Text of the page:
The Renewable Energy Trail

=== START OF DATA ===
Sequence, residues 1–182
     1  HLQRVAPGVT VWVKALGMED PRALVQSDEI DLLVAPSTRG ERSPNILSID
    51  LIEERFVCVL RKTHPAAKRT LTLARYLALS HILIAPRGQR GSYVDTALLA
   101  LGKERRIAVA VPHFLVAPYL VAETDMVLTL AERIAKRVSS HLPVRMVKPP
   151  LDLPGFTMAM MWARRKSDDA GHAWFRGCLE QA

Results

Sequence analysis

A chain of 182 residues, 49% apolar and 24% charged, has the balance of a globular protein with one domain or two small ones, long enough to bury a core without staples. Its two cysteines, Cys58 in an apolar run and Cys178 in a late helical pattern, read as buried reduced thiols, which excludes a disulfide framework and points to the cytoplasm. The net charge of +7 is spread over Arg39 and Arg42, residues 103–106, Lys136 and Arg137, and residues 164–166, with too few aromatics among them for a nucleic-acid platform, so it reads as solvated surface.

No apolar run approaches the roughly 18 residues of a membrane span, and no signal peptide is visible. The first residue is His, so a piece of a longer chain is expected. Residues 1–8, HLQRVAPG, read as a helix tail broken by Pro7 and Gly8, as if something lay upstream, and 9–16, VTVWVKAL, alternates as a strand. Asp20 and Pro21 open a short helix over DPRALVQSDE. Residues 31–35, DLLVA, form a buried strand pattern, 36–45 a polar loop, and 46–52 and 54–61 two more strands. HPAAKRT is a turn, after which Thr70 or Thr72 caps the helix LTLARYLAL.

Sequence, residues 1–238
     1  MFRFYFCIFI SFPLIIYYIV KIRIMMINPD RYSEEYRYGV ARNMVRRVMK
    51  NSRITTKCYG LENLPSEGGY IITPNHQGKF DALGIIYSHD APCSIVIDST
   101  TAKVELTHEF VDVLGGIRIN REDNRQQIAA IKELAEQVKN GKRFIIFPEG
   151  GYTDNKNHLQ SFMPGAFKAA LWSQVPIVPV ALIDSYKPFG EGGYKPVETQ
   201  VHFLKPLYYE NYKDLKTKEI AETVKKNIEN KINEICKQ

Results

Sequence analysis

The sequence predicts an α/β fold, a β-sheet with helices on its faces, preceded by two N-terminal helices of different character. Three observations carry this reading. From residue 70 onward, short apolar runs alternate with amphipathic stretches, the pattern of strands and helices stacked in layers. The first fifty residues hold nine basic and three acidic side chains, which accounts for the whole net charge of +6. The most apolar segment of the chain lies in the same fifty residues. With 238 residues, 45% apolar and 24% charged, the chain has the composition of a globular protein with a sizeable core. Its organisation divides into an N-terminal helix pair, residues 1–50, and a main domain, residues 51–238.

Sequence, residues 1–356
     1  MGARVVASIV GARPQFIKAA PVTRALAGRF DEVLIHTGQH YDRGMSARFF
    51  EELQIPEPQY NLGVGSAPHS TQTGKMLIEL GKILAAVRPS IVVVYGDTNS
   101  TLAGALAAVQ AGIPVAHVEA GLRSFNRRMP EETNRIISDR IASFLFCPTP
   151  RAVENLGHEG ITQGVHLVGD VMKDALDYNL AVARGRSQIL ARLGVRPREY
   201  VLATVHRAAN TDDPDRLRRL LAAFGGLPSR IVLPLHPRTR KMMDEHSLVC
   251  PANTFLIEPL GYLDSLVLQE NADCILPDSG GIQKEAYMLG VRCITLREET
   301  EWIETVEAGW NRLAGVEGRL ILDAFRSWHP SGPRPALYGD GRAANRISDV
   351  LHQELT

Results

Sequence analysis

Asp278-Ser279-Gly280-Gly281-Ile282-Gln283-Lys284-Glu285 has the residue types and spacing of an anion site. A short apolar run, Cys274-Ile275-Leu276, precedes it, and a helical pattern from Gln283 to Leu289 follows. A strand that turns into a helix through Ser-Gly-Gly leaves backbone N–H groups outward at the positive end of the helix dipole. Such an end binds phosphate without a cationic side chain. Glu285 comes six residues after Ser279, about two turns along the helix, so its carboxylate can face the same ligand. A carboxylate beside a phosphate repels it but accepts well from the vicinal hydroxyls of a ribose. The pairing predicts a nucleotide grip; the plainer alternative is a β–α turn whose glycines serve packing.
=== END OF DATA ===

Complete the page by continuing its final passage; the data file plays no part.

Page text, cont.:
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[Music Plays] (Liz Veitch) This region’s not just got the natural resources but it’s also got each of the technologies represented and that’s what prompted us to think about using those technologies, forming them into a Renewable Energy Trail and building a fabulous resource that’s an education resource. It’s an industry resource. It’s also tourism, it’s bringing people into this region and when you go and have a look at Crookwell 2, you stop in Crookwell and you buy your woollen socks and you have a coffee and that’s really good for regional economies. So many school children are getting interested in renewables as it grows as an industry because underpinning all this is the environmental benefits. So, along the Renewable Energy Trail we’ve got a range of these technologies demonstrated, including Boco Rock Wind Farm. (Mark Wiggins) The use of wind has been around for centuries but in the last 20 years, the wind turbine industry itself has made large advancements in efficiencies. We see each year a different generation of turbine is brought out, more efficient, lighter, quicker to build and of course pushing the end of life, of design life now out to 25, 30 years. One thing that we’ve noticed here is the responsiveness. We’re monitored 24/7 by G.E. Network which allows us to have call out crews as required. (Liz Veitch) Further along the trail again is the Woodlawn Bio Reactor and this is an incredible place to visit. (Henry Gundry) The Woodlawn Bio Reactor receives about 40% of Sydney’s rubbish and our core objective is to stabilise the waste to produce methane and which is produced as electricity. We have six megawatts of installed capacity at the moment. We’re looking to put the seventh megawatt in, in 2017. So, yeah we’re expanding as we go. (Liz Veitch) They’re pulling the organic waste out and recycling it to rehabilitate a mine site which is fixing a really bad scar in the landscape and also they use the waste heat to warm water, to keep barramundi growing and thriving and then they then sell those fish into the local markets and we’re eating them in our restaurants. So, great regional economic development spin offs. [Music Plays] So, at Googong there is a mini hydro which is a fascinating little way of producing power. It is also a hugely scenic site with a Renewable Energy Trail sign up there to provide information on how that technology works. Further up to the north east of the trail we have Gullen Range Wind Farm which are now doing a really interesting experiment and they’re integrating solar in with the wind as well because obviously with renewables sometimes the wind blows, sometimes the sun shines. Here we are at the Goulbourn Visitor Information Centre, the site chosen by Tesla to host their first regional electric vehicles supercharging station. There are eight charging stations here, all powered by renewable energy. Just plug in and charge up. [Music Plays]

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